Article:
You’ll normally see these kinds of digit questions on math olympiad papers. It’s a cool trick to know, but parts of it will require a calculator.

The essence of the question asked by Potatoeo is this:

How do I find the first and last digit of a really large number like 3^20?

The intended solution for this problem (particularly the part about finding the first digit of the number) required the use of the divisibility rules of 3 (a number is divisible by 3 if the sum of its digits is divisible by 3). However, I will solve this problem using a technique that works for all cases, even when divisibility rules cannot help you solve the problem.

We’ll first start with the finding the last digit of the number, because that is the easiest one to do. In order to do that, we need to first introduce the concept of *modular arithmetic*. When we use the “mod” operator, we are basically asking for the remainder of a number after division by another number (think back to your grade-school days). So, for example:

13 \equiv 1 \mod{6}\)

Once you’re comfortable with the usage of the modulo operator, you can now figure out what the last digit of that number is. Since we are only interested in the last digit of the number, we would like to eliminate any tens or more in the final answer. So, if we looked at this number mod 10, we would have our answer.

Now, here’s the cool thing about the modulo operator. Your standard rules for addition, subtraction, multiplication and integer division apply. So:

\(5 \mod{8} \times 4 \mod{8}\\ \equiv 20 \mod{8}\\ \equiv 4 \mod{8}\)Now, let’s take a look at 3^20. Let’s see what happens when we take increasing powers of 3 mod 10:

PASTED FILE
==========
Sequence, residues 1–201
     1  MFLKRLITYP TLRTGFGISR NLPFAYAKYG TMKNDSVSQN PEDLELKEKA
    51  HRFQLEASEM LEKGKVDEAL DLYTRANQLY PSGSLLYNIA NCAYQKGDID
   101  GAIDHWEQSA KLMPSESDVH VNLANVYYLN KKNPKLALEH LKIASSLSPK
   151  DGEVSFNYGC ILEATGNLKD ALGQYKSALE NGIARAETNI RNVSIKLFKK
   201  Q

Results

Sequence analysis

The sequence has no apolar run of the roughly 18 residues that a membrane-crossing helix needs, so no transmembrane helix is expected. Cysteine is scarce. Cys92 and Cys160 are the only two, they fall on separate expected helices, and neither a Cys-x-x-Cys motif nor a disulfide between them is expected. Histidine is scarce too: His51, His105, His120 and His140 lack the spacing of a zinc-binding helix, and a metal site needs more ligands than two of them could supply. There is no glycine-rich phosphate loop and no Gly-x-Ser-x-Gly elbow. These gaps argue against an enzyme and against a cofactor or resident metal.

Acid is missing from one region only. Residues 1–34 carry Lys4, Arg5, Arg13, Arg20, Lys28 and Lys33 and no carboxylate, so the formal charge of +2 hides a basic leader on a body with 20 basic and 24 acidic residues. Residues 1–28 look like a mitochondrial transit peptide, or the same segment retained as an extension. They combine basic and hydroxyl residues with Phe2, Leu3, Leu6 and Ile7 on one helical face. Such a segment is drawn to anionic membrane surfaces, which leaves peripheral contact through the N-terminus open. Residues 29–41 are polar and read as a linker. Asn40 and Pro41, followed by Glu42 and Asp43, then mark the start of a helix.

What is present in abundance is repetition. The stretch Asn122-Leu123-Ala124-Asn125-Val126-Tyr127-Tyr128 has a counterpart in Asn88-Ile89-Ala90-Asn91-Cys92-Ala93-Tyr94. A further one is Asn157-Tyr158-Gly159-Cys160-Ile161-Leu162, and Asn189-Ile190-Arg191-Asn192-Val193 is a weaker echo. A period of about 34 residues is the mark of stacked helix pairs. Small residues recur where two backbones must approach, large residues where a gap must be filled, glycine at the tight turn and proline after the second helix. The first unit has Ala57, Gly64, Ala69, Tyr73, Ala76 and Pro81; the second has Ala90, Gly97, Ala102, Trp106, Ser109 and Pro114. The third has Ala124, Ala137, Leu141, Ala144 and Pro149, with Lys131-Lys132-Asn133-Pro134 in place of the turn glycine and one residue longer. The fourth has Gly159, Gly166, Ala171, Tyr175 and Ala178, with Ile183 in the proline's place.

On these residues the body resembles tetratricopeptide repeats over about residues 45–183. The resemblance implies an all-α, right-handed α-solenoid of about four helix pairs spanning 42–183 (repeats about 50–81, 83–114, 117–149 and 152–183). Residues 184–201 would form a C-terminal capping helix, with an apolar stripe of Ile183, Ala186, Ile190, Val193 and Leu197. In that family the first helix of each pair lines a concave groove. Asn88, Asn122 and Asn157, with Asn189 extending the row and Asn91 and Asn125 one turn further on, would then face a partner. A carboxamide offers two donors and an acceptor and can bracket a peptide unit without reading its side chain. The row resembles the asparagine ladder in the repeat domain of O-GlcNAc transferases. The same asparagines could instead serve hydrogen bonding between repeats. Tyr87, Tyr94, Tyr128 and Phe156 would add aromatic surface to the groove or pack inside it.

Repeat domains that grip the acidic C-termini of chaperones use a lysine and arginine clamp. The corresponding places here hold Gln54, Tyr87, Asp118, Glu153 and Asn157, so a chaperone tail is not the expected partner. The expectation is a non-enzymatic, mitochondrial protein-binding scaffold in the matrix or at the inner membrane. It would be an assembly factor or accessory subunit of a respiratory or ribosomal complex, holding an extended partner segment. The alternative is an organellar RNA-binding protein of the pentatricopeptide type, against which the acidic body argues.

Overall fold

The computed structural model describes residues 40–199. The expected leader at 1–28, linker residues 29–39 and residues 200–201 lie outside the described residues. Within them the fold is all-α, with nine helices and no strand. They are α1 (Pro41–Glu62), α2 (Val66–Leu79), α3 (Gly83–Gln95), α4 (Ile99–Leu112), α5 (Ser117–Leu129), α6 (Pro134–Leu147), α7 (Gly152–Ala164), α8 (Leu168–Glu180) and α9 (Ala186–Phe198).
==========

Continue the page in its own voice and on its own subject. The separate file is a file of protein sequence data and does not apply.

\(\begin{align*} 3^1 &\equiv 3 \mod(10)\\3^2 &\equiv 9 \mod(10)\\

3^3 &\equiv 7 \mod(10)\\

3^4 &\equiv 1 \mod(10)\\ \end{align*}\)

And we can stop here. Given that 3^4 = 1 mod (10), we can essentially “cast out” fours from the exponent, because they result in a value of 1 mod 10. So:

\(3^{20}\\=(3^4)^5\\

=(1)^5 \mod(10)\\

=1 \mod(10)\)

Therefore, the last digit of 3^20 is 1. Usually this part can be done without a calculator, so that’s a fun way to impress your friends at your next part.

Now, the slightly more difficult part: calculating the first digit of the number. In order to do this, let’s first think about what is asked of us. 3^20 is a massive number. But we’re only interested in the first digit. So, let that first digit be A. We can write this number as Axxxxxxxxx, where x’s denote other digits that we don’t care about. Pretty obvious, right? Now, let’s make one more obvious statement: 3^20 lies between A000000000 and (A+1)000000000.

Surprisingly, these two statements will help you solve problem. We first start by writing that last statement in mathematical terms:

\(\begin{alignat*}{2}A \times 10^k &\le &3^{20} &< (A+1) \times 10^k\\\log (A \times 10^k) &\le &\log(3^{20}) &< \log((A+1) \times 10^k)\\

\log (A) + \log(10^k) &\le &20\log(3) &< \log(A+1) +\log(10^k)\\

\log (A) + k\log(10) &\le & 20\log(3) &< \log(A+1) +k\log(10)\\

\log (A) + k(1) &\le & 20\log(3) &< \log(A+1) +k(1)\\

\log (A) + k &\le & 20\log(3) &< \log(A+1) +k\\

\log (A) &\le & 20\log(3) – k &< \log(A+1)\\

\end{alignat*}\)

Believe it or not, we’re almost done. The middle part of the inequality tells us that if we evaluate 20log(3) and get rid of any integer part, we will end up with a value between the logarithm of the first digit and the first digit +1. So, let’s do that:

\(20 \log(3)\\\approx 20 (0.477…)\\

\approx 9.5424…\\

\text{Taking out the integer part gives:}\\

\approx 0.5424…\\

\text{Raise 10 to the power of this:}\\

10^{0.5424}

\approx 3.49…

\)

We agreed that this number is between an integer A and A+1. So A, the first digit of 3^20 has to be 3.